About Chinese Medicine
TCM & Classical Chinese Medicine, The Eight Principles & The Five Elements
Traditional Chinese Medicine (TCM) is distinct from Classical Chinese Medicine. TCM is characterized by a somewhat materialist approach to diagnosis and treatment. This approach has strong ties to the western linear model of health care making it very useful for integrating eastern and western medicine but often limiting the practice of acupuncture to a "symptoms only" treatment approach and thereby missing out of the depth of healing available in the Classical approach.
TCM was given its name during the Cultural Revolution by the Chinese government in the 1950s. Prior to the Cultural Revolution, Chinese medicine was identified by the family lineage from which it sprang and the Daoist and Confucian science and philosophy that formed a foundation for diagnosis and treatment. Over thousands of years several schools formed and from these schools the Classical texts of Chinese Medicine emerged. During the Cultural Revolution many scholars from various lineages went into hiding or died. To this day practitioners are still piecing together the wisdom of the ancients by retracing the steps and translating Classical texts.
In the West, Chinese Medicine has a long history in the United States. During the colonial period Chinese medicinal teas and herbs came to America. Beginning in the 1850s, Chinese immigrants came to the United States and among those immigrants were Chinese physicians practicing in pulse diagnosis, herbal remedies, and acupuncture. The journey from immigrant physicians to the formal education of Westerners and the establishment of a licensed TCM practitioner in America is a long story. It is a story of struggle and revolution, of racism, classism, and cultural appropriation and slow but meaningful reform. That reform and healing is still underway today. To read more about that check out the book, Herbs and Roots: A History of Chinese Doctors in the American Medical Marketplace, by Tamara Venit Shelton.
Fast forwarding to the 1970s, schools began to form to educate westerners in the practice of Chinese Medicine. Over the years these schools became identified as Eight Principle Schools - associated with TCM, and the Five Element Schools - associated with the medicine's Daoist roots. Fundamentally these two systems are naturally integrated and both are applied in the clinical practice of Chinese medicine. What makes the difference is the approach of the clinician. Over the past decade schools of Classical Chinese Medicine have emerged and have begun to remedy this false division. These schools are perhaps the best yet, as they place an emphasis on the science of Confucianism and Daoism. These schools also focus education on newly translated Classical texts and on a thorough understanding of modern medicine. Chinese medicine here in the West is in a constant state of deepening. Armed with the science and philosophy of Daoism and Confucianism and newly translated Classical texts, practitioners in the West are now reaching ever deeper for what seems like endless subtlety and refinement of our understanding of this ancient science.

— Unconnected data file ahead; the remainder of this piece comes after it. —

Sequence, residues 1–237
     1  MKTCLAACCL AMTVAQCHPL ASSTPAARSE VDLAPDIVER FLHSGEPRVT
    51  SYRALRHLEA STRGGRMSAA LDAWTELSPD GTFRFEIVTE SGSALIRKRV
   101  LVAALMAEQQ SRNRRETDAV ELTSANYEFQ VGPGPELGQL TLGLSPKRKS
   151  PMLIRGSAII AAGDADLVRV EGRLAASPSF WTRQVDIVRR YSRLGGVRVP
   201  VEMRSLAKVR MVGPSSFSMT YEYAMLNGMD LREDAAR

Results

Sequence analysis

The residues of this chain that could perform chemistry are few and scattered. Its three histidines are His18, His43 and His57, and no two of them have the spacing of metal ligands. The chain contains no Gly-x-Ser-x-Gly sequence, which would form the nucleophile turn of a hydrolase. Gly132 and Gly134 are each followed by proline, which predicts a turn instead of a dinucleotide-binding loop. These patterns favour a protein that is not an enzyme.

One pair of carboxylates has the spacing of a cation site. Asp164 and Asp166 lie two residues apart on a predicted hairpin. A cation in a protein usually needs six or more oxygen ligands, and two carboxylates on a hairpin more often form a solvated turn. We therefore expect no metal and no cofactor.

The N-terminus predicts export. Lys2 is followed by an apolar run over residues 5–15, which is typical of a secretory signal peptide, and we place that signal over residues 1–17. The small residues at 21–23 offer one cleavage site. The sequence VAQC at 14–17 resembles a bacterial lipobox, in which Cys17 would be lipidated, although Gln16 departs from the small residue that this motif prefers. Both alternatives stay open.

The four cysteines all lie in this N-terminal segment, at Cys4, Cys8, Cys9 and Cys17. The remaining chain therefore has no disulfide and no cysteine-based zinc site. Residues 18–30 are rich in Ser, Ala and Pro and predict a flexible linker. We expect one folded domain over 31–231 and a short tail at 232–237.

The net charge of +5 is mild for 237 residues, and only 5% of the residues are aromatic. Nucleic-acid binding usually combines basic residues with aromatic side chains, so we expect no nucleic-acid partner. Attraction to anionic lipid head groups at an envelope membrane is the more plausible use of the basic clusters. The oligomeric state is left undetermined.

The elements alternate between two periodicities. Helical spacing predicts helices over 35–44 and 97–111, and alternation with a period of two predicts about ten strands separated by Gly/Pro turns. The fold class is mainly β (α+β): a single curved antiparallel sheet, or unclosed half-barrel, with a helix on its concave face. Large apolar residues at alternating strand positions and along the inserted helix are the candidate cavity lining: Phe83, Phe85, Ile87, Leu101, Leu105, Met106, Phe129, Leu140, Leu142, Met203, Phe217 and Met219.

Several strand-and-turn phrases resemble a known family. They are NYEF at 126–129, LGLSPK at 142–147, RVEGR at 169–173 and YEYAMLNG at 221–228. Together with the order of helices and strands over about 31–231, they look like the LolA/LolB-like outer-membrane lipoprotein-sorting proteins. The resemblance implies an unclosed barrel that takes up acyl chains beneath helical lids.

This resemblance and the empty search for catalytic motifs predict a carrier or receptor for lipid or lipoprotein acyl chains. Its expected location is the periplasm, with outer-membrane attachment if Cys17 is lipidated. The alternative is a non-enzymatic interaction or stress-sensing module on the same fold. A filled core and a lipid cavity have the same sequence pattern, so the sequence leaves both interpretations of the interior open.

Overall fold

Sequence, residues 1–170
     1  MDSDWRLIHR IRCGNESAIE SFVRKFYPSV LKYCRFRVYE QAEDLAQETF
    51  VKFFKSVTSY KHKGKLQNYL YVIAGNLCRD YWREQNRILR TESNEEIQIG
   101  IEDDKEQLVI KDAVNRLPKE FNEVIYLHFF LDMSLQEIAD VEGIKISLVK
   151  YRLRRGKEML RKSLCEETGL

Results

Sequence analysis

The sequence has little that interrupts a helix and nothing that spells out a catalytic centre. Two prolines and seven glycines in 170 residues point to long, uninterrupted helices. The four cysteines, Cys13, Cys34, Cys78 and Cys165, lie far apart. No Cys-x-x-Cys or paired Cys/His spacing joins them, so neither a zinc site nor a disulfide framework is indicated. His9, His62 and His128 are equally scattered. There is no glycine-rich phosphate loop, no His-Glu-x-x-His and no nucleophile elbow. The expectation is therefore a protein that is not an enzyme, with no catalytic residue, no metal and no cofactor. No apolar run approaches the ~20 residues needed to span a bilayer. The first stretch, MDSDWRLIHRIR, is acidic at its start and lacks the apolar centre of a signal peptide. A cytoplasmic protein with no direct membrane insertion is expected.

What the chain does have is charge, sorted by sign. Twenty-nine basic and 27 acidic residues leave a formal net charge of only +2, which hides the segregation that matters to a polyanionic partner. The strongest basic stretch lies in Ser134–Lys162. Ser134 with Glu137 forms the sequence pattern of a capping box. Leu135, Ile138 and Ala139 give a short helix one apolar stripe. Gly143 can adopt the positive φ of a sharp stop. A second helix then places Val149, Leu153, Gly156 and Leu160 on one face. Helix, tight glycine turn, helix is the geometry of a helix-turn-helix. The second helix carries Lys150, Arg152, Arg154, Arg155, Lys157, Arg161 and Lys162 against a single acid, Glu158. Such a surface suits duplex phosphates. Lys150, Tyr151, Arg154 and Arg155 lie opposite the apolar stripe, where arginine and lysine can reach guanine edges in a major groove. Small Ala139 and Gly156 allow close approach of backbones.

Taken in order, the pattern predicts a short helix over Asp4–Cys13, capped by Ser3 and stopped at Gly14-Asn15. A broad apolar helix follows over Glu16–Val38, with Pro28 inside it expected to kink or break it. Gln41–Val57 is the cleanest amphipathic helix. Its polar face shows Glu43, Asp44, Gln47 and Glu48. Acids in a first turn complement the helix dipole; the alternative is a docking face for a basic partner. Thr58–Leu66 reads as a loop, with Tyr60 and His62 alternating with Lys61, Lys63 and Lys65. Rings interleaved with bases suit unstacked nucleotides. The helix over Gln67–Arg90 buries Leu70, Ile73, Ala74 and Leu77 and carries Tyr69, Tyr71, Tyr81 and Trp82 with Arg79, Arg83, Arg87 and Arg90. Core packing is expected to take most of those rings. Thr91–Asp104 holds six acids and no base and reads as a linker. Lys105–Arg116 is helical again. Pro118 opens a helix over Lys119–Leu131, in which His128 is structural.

About Chinese Herbal Medicine
Chinese herbs have been used as medicine for more than 2500 years. The effectiveness of these medicinal substances has been documented in China and in other parts of Asia for centuries. Knowledge of the power of Chinese herbs was passed down through generations of herbal medicine scholars and finally transcribed into the texts that are still used today. The ancients classified more than 300 plants, minerals and animals into 18 categories based on the way they affect the body. These herbs are further classified by qualities such as the meridians affected, taste and temperature. Such distinctions remain at the foundation of Chinese herbal medicine theory and practice today. The prescription of Chinese herbal formulations is an art that draws on a strong foundation of Chinese natural philosophy, and Chinese medicine theory.
Quality and Safety of Herbs
I use the highest quality herbal products on the market. Where possible I purchase organically grown herbs. The capsules, tablets, granules and tinctures are quality controlled and each batch is tested to ensure the absence of toxins. To find out more about the packaged herbal products that i prescribe please check out the following web sites and read about the purity and safety standards they follow.
To read more please check out these links to manufacturers quality information quality control page